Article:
The military situation in the West is however grim. While it has succeeded in overcoming the initial resistance of the radical leader Maulana Fazlullah heading the Tehreek Nifaz-e-Shariat (TNSM) in Swat, the rebels have melted in the mountains. There is a strong possibility of militants engaging the Army in a guerrilla war in the days ahead. On the other hand, the Taliban have coagulated into a single unit, the Tehrik Taliban Pakistan (TTP) under the leadership of Behtullah Mehsud, who has close links with the Al Qaeda and is alleged by the Pakistan government of being behind Benazirï¿½s killing. Taliban and Al Qaeda are dominant in Waziristan and some areas of NWFP as well as Balochistan. The army will have a tough time to engage the guerrillas in the days ahead.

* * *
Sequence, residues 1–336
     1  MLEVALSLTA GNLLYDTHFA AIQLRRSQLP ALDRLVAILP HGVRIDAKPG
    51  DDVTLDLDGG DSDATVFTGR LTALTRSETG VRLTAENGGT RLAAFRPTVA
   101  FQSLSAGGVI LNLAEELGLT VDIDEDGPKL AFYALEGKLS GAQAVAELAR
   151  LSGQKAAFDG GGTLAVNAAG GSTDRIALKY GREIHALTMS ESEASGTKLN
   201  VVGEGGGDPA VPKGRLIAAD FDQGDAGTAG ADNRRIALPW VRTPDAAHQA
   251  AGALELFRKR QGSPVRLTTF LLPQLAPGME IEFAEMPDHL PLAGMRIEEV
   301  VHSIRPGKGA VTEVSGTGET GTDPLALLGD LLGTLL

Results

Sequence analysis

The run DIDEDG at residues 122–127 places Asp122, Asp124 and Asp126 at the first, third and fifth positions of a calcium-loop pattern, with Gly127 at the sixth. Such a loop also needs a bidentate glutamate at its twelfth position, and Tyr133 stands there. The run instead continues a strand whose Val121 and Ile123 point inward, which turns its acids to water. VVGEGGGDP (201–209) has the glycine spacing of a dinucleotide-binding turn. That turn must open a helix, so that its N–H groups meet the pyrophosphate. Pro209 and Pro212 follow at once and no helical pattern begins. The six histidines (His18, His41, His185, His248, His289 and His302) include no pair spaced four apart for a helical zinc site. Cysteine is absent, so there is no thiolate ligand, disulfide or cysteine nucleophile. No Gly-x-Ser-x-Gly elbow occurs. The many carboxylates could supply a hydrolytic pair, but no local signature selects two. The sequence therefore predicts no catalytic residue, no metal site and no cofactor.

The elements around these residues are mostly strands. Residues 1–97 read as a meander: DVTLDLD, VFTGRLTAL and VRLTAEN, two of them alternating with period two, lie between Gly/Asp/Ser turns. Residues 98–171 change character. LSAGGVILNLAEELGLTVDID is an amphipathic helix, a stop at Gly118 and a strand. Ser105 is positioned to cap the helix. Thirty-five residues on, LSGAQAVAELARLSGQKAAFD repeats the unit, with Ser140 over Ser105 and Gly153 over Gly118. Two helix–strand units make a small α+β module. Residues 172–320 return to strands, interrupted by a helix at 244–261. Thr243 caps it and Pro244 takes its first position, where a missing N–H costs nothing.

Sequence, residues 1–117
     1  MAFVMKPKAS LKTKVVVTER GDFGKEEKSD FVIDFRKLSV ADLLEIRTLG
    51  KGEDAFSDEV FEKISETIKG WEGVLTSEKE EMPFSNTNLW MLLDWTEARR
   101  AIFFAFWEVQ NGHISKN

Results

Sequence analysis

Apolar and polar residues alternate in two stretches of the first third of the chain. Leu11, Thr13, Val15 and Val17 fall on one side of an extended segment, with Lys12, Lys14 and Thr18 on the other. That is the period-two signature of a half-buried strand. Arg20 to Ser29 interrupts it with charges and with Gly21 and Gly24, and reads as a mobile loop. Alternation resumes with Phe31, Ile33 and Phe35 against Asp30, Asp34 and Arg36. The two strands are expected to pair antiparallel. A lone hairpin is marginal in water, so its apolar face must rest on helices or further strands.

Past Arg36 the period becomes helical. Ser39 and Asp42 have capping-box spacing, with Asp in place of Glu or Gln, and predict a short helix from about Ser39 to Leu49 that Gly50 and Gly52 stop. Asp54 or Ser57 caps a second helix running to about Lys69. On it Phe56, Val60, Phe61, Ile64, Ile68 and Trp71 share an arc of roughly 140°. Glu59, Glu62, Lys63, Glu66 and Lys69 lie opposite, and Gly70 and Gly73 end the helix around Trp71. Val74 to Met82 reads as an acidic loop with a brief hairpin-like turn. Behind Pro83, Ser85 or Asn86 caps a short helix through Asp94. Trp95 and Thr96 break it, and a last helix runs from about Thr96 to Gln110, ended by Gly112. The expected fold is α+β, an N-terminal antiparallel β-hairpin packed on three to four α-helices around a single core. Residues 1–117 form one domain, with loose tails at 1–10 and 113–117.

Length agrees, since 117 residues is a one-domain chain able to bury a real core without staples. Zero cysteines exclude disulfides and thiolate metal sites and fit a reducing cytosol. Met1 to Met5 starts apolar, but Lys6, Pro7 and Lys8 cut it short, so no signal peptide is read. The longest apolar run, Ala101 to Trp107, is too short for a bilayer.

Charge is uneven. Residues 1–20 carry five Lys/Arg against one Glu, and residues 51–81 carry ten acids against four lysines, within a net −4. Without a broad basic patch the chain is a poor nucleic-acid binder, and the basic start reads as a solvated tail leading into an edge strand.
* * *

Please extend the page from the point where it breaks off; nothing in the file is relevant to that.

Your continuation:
General Pervez Kiyani seems to have firmly assumed power and declared 2008 as, ï¿½Year of the soldierï¿½. The Nuclear Command Authority has also firmed up under President Musharraf. However media reports continue to speculate of terrorist organizations gaining control of Pak nuclear weapons, there is no reason for these fears at present. US Pakistan military relations continue to be good. Though Pakistan is accused of mis-utilizing the large tranche of aid provided by Washington, it is likely to continue to find favor with the US army brass as they need Islamabad for their mission in Afghanistan. There are also firm indications of the army continuing to support President Musharraf.
Given that the army is supporting President Musharraf there is not much threat to his position in the near term, till Kayani assumes greater control over the military and the Pakistan administrative structure. Thus unless there is a calamity, there Musharraf will continue dominate the political scene in Pakistan.